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Exe Estuary
A Special Protection Area, Site of Special Scientific Interest and a wetland of international importance
An aerial photograph of the Exe Estuary (c) Still Imaging

The Exe Estuary is designated as a Special Protection Area (SPA) in recognition of it's international importance as a wintering ground for a diverse community of over 20,000 waterbirds.

Waders including Black-tailed Godwit, Dunlin, Redshank and Lapwing flock to the habitat these nature reserves provide. The eelgrass bed between Exmouth and Lympstone provides feeding grounds for thousands of Dark-bellied Brent geese and Wigeon. And at Dawlish Warren, the Wildlife Refuge and secluded bight provide winter sanctuary for Oystercatcher, Dunlin and Grey Plover.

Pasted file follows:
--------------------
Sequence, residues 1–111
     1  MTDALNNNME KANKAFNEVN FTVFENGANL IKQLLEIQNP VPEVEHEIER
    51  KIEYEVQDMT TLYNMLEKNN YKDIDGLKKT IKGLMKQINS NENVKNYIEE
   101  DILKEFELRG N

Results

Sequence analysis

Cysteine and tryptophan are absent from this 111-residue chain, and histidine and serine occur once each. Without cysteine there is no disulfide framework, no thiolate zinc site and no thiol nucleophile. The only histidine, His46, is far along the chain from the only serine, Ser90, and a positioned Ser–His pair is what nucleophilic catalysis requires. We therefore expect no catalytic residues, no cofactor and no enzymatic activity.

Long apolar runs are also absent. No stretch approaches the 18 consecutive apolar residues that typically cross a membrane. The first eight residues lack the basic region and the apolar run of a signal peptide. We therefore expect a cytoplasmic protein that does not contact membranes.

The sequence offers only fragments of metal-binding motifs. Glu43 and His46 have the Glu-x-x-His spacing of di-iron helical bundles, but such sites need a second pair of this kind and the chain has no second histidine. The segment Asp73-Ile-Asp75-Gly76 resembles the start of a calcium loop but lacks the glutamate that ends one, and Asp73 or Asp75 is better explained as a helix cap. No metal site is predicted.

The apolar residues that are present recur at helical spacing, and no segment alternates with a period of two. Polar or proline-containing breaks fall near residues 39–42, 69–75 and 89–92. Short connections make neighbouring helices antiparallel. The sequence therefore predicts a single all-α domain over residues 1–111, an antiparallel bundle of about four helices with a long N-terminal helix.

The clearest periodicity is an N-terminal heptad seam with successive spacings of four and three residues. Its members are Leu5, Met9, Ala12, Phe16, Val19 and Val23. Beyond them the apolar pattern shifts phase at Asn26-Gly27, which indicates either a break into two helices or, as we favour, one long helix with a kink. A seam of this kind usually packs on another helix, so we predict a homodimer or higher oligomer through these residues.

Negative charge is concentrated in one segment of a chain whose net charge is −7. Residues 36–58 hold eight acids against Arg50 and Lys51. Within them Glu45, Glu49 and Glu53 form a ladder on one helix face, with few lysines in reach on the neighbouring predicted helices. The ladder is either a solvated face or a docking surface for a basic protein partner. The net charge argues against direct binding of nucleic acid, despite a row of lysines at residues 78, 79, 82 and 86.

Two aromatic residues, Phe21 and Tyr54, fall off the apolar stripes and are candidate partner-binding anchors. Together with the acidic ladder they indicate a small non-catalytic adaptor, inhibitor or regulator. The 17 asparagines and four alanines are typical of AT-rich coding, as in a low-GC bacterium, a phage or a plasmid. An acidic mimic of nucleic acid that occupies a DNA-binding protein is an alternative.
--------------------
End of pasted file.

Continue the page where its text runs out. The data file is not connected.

Dark-bellied Brent Goose

These charming monochromatic birds spend their breeding season on the boggy arctic tundra of northern Siberia...

A photo of a male Wigeon


Wigeon are grazing ducks, feeding on grass or mud-flat plants - a feeding habit usually associated with geese. However, they do also feed in water and go "end-up" in a more duck-like fashion

Black-tailed Godwit

Along with the Avocet, the black-tailed godwit is one of the few species re-established in the UK as breeding birds - in 1953 there were as few as four breeding pairs recorded!